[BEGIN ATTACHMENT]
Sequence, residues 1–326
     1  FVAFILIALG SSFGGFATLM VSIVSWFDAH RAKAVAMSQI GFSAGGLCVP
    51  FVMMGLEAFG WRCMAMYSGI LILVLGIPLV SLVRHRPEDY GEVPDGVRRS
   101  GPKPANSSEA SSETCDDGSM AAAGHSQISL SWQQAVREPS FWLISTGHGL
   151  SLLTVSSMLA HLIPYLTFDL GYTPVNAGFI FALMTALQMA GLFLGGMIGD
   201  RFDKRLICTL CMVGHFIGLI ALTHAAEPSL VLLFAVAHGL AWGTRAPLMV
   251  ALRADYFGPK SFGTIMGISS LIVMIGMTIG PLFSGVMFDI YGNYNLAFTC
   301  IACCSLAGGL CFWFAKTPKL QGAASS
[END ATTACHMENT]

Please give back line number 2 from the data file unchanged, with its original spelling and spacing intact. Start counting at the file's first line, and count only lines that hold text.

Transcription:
     1  FVAFILIALG SSFGGFATLM VSIVSWFDAH RAKAVAMSQI GFSAGGLCVP